Monday, July 4, 2016

The 6th Annual Lamb and Mezcal Festival

The 6th Annual Lamb and Mezcal Festival was held in SMA again this year on Saturday, July 2nd at the Hotel Real de Minas. With 20 restaurants and 18 Mezcal companies participating, it was a fantastic culinary deal at $400 pesos a ticket. Be sure to put it on your list of festivals in 2017 as you wouldn't want to miss it. Who was there? Take a look...

Mezcal and Lamb are recent obsessions so what made Billy Mervin, organizer of the festival, think I was qualified to be a judge this year? I’m not sure of the reasons but was confident, after 18 rounds of Mezcal, that I could recite every one of them to him in perfect Spanish.
There’s nothing in my preferred book of foods that ranks much higher than lamb. Leg of Lamb, Rack of Lamb, Lamb Chops…you name it and I’ll eat it. Tacos de Pierna, Lamb Shank, Lamb Shoulder; Lamb Barbacoa happens to be one of my favorite breakfast foods in Mexico.

16 tastings later, I still love lamb...and all the chefs who prepared it.
If you like Tequila, you’ll love Mezcal…
Mezcal’s global rise to popularity has moved swiftly in the past few years. I’ve been down the Mezcal route in Oaxaca twice. Since falling in love with the Amores brand back in 2013, I’ve been fixated on finding more great Mezcals in Mexico.
In 2014, I discovered 8ViBoras, a wonderful brand, when I was at a trade show in Mexico City. I’ve also uncovered a remarkable, orange Mezcal from a no-name dive bar in Santa Rosa and another brand from San Luis Potasi, however the distillery is unknown. I tell everyone when I find a good Mezcal but some enthusiasts keep their sources a top secret.
At the SMA Lamb and Mezcal Festival this year, I discovered Tierra de Canto and Mezcal Legendario Domingo, two of the many great Mezcals from Oaxaca. The magnificent part of the festival is the opportunity to taste 18 different brands in one day. It will definitely put your Mezcal education on the fast track.
When I was in Oaxaca this past March, every restaurant I visited offered a long list of Mezcals to choose from. It’s truly the pride of Oaxaca.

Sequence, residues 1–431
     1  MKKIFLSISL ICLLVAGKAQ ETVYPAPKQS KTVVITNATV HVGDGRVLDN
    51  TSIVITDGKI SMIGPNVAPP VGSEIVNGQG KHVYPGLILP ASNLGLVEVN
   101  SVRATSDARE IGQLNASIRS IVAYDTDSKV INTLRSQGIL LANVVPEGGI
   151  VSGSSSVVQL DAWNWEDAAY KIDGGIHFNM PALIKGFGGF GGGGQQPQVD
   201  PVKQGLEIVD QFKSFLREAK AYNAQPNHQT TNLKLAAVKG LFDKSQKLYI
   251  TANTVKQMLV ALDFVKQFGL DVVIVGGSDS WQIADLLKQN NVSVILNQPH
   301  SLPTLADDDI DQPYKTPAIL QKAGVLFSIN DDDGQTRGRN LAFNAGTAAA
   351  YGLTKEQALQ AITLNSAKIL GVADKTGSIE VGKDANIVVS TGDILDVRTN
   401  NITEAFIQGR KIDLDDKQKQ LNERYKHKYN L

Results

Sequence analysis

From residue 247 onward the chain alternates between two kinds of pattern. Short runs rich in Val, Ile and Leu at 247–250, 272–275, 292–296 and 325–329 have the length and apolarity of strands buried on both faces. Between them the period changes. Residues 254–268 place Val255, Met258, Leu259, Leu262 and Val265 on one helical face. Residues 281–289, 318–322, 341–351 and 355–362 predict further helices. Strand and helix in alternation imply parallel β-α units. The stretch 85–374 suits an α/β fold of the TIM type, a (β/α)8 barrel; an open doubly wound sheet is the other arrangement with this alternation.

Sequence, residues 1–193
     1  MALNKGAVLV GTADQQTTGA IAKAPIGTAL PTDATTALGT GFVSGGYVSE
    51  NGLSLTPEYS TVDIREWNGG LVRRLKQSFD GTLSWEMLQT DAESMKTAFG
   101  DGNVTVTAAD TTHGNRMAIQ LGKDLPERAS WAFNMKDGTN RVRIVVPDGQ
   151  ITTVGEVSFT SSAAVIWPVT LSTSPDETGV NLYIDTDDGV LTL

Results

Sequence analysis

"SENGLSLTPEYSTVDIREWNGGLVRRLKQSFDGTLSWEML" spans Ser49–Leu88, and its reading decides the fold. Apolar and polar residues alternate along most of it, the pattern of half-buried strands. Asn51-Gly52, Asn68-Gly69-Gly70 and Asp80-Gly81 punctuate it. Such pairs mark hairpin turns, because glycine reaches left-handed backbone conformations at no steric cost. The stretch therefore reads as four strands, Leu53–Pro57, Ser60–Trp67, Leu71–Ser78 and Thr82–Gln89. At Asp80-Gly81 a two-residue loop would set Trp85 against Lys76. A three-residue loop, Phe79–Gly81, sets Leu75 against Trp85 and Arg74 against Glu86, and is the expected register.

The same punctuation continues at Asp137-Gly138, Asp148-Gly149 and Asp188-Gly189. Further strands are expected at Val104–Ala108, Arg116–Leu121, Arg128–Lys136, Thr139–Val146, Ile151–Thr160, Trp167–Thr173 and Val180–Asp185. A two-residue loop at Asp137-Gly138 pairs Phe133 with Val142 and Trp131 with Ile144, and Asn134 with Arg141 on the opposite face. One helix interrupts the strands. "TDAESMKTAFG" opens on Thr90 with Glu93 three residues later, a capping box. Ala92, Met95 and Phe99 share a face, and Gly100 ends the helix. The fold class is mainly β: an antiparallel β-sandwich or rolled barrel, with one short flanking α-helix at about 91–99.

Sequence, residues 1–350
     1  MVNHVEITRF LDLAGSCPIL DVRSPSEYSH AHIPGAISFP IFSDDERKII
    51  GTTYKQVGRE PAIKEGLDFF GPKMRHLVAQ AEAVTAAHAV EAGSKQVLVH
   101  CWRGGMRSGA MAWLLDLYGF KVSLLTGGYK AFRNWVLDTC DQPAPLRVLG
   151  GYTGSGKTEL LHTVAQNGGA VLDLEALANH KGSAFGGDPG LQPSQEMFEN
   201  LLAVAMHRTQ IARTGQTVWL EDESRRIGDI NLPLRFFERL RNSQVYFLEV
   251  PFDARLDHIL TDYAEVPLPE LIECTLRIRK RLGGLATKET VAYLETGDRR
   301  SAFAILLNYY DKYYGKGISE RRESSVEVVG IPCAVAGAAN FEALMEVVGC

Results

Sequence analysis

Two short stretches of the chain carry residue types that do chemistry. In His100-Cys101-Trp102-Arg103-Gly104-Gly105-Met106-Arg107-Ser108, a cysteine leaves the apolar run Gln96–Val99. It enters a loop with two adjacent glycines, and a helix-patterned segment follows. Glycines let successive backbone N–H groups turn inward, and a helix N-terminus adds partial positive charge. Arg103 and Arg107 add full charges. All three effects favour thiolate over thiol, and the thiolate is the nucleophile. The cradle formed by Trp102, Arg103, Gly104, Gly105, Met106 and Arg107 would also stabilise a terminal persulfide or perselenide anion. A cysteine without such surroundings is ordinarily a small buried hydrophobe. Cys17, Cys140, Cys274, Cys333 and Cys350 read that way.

When I asked the 34 female chefs I am writing about to recommend a good wine, Luvia Esmeralada de la Rosa, the only woman of the 34 from Oaxaca, asked if she could recommend a Mezcal instead. Luvia is a chef at Jacinto 1930 in SMA, where Beverage Operations Manager, Adrian Garcia-Evans, has created a long list of creative Mezcal cocktails including his infamous Mole Martini. Jacinto 1930 is owned my Top Chef Mexico finalist Matteo Salas and is the latest in a line of restaurants in SMA to have sizeable Mezcal offerings.

Mezcal is made in eight regions of Mexico:  Oaxaca, Durango, Guanajuato, Guerrero, Michoacan, San Luis Potosi, Tamaulipas and Zacatecas.  The center of the Mezcal world, most are made in Oaxaca.
For those who don’t know, Mezcal has genuine flavor and is terroir-driven; two Mezcals made from the same variety grown in sites only a few hundred yards apart can taste entirely different. Mezcal offers so much variation in both the type of agave and the method they are cooked, even down to what type of wood you use to smoke it. You can also get into the types of agave used: Espadin, the most common; wild agave like Arrequeño, the most esteemed; and Tobalá, the hardest to find.
In and around the villages near Oaxaca, I met families who have their own recipes for Mezcal and have for generations. It can be said that Mezcal producers are more like great winemakers than distillers.
In Mexico, they have an expression that Mezcal is meant to be kissed. In other words, sip it slowly to allow a deep bond and if you don't get an instant connection, try it again. Don’t worry, with Mezcal you don’t get the hangover you can with Tequila.

So what does this Tequila Queen prefer after all the Mezcal tastings at the festival this year?

Another round and a spot at the judges table again next year!

Buen Apetito!